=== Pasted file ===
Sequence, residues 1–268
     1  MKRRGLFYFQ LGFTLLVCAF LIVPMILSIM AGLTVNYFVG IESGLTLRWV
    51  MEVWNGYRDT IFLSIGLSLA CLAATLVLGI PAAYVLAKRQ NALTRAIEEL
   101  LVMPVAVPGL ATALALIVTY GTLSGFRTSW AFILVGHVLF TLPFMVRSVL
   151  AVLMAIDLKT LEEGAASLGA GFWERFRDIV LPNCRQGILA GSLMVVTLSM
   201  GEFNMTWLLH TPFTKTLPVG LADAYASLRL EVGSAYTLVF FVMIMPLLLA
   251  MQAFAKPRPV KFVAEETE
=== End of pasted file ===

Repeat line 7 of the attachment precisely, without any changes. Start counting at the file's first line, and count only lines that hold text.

   251  MQAFAKPRPV KFVAEETE